Nick Kientsch has run a weekly mindfulness meditation class for gay and bisexual men for the last nine years. Here Nick explains how mindfulness can help overcome some of the challenges of our lives like an HIV diagnosis, loneliness and quitting chemsex.
Imagine this; a silent room, lit by the low glow of candles with 35 gay and bisexual men sitting in a circle, their eyes closed. Each man calmly attending to the sensations of his breath as he explores resting into a sense of peace within the busy rush of thoughts. A calm non-judgemental attention to the present moment and a joy that is not dependant on any external substance.
This scene has repeated itself every Monday for nearly ten years since the gay and bi men’s mindfulness group started in April 2009 with a group of 12 men. The group now attracts around 30 men every Monday, and has had nights where over 60 men have attended. Looking around the group you’ll see men of all ages, of different religions and no religion, and a mix of cultures and ethnicities. What brings such a diverse range of gay and bi men to the class?
Phil’s description of why he comes speaks for many of the men at the group: “I didn’t expect to find anything special other than a space for meditation. It has ended up being one of the most important things I do all week. It gives me some time to focus on myself. But more importantly I found a place full of warm friendly and compassionate gay men. I never thought that meditating with other gay men would be different to a normal meditation group, but the connection you feel in this group feels so different and I always walk away feeling a little bit better each week.”
It’s this feeling of connection that is so important for many of the men at the group. Others come to find support as they deal with difficult life experiences: a diagnosis of HIV, a break up, quitting chemsex or loneliness.
The Huffington Post article The Epidemic of Gay Loneliness identified minority stress as a key factor in causing gay men distress. Minority stress occurs for us in childhood when we have to deal with isolation, discrimination, bullying or violence whilst not knowing there are others like us. It’s the feeling of being alone in an alien world, especially when the families we grew up in often did not reflect back who we were. As youngsters we were alone as we tried to work out who we were, often feeling confused, conflicted or even self-loathing. Add to this the issues discussed in the books Straight Jacket and The Velvet Rage, principally the impact of shame – the feeling as a child and teen that an essential part of oneself, our sexuality, is somehow wrong or dirty, leading to the belief that we are wrong.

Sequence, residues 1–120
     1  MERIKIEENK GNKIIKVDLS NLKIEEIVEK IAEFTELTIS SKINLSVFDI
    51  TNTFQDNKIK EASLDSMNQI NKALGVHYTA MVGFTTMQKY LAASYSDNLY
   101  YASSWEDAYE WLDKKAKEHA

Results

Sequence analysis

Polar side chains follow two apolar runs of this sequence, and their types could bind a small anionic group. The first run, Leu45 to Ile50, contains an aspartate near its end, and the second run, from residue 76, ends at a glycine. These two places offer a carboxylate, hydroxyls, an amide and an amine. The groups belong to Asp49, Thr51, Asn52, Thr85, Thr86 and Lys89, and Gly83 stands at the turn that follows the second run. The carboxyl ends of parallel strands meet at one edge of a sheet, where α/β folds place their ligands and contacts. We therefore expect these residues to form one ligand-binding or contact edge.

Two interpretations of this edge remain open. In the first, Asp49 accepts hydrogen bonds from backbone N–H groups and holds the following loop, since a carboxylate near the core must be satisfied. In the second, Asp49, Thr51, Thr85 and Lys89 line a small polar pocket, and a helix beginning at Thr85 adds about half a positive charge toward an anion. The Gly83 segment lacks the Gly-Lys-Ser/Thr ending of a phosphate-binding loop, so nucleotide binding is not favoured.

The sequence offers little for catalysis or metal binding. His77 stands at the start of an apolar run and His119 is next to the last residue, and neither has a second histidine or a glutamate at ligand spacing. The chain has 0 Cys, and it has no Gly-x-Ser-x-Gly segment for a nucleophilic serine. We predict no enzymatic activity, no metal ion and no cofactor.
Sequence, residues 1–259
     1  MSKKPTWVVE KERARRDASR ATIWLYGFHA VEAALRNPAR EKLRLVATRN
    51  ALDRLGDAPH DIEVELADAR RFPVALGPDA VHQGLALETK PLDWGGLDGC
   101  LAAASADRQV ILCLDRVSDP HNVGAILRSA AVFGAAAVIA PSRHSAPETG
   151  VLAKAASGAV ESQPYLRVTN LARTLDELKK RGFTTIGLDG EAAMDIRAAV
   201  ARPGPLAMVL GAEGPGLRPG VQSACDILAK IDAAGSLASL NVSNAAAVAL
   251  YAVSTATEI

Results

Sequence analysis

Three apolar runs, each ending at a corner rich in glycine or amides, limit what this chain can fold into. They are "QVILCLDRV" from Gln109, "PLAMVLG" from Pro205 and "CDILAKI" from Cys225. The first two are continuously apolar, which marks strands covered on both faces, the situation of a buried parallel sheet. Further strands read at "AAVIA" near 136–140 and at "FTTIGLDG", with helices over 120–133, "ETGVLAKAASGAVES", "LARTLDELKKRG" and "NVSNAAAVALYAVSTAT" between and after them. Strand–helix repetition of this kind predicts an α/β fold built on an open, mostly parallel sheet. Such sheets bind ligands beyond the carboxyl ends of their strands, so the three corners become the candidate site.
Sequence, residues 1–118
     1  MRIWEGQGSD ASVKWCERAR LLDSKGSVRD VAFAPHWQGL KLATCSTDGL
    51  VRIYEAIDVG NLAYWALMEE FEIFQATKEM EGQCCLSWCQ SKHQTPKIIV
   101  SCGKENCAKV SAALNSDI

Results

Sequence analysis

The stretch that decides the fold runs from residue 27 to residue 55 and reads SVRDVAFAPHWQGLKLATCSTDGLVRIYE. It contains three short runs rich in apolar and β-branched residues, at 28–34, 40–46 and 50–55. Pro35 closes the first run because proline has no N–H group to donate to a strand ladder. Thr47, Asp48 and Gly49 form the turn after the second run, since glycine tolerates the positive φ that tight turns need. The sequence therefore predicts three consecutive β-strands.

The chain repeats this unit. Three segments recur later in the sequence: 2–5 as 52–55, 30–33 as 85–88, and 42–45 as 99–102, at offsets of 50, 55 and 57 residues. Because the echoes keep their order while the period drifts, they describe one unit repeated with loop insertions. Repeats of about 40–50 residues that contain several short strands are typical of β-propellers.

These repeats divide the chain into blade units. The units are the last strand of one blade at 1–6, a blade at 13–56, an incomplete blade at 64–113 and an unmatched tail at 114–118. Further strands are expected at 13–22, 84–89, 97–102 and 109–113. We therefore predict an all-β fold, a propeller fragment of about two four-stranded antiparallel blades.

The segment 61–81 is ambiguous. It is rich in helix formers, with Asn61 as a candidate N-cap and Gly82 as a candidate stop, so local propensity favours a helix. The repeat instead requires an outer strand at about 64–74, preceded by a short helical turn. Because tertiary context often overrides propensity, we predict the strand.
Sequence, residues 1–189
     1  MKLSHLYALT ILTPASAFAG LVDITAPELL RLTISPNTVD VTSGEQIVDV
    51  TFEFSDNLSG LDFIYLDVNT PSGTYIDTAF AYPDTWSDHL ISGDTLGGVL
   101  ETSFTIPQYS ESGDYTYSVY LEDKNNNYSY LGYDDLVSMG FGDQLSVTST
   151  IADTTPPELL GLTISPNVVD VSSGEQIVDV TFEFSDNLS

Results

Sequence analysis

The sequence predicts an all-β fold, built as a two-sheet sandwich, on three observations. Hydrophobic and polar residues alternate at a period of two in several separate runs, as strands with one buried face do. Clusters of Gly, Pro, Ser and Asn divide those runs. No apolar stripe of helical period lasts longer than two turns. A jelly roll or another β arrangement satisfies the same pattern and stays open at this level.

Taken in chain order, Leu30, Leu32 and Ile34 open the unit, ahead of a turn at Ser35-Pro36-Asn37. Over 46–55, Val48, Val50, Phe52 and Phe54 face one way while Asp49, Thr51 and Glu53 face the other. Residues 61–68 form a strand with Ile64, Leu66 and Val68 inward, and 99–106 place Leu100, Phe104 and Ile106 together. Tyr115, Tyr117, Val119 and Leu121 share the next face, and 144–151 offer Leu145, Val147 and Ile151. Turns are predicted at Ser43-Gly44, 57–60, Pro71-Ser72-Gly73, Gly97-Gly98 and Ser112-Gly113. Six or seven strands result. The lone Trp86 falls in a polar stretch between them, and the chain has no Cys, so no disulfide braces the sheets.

This feeling of isolation, not belonging and that on some level we are wrong, can cause low self-worth and impact on mental health, leading to a tendency to try to escape the discomfort through coping strategies such as addiction, looking for validation through sex, and for some using chemsex as a way to feel at ease and overcome shame. It does not mean in any way that being gay is wrong, only that living in a hostile culture has an impact on our wellbeing, as it does for any minority.
How does mindfulness help? My own experience is that from learning to meditate 28 years ago as a shy, anxious and self-critical young man it offers a way to build a new way of being. Mindfulness is not about stopping thoughts. It is more about learning to be present to what is there and make a choice about how to respond. As Victor Frankl, author of Man’s Search For Meaning, says “Our greatest freedom is the freedom to choose our attitude.”
As we meditate we see how our attention gets pulled away into thoughts that may not serve our wellbeing: worry, self-blame or any other unhelpful thought patterns. Rather than fighting these or trying to escape the thoughts, we learn to stay present, with our attention gently focused on the breath. Like Ulysses tying himself to the mast to hear the siren’s song without going mad, focusing our attention on the breath during meditation allows us to attend to the chaos without being consumed by it, and we find a freedom from struggle in this clear knowing of our experience.
The session starts with connecting to our bodies through mindful movement and then noting sensations in our body before going into a guided mindfulness practice. Being fully present in our body is essential to finding this freedom from our mental struggle. Every difficult thought and emotion will have a sensation in the body if you investigate it. Breathing into this place and creating space for it will be the most powerful way to allow it to be heard and to heal. This builds resilience: a knowledge that we have the strength to be present with whatever life throws at us. The evening continues with time to socialise in the tea break or sit quietly listening to a talk and then we finish with the Loving Kindness practice, where the focus is on patience and affirming kindness towards ourselves and a good friend. Looking for a change? You’re welcome to drop in and see how it works for you.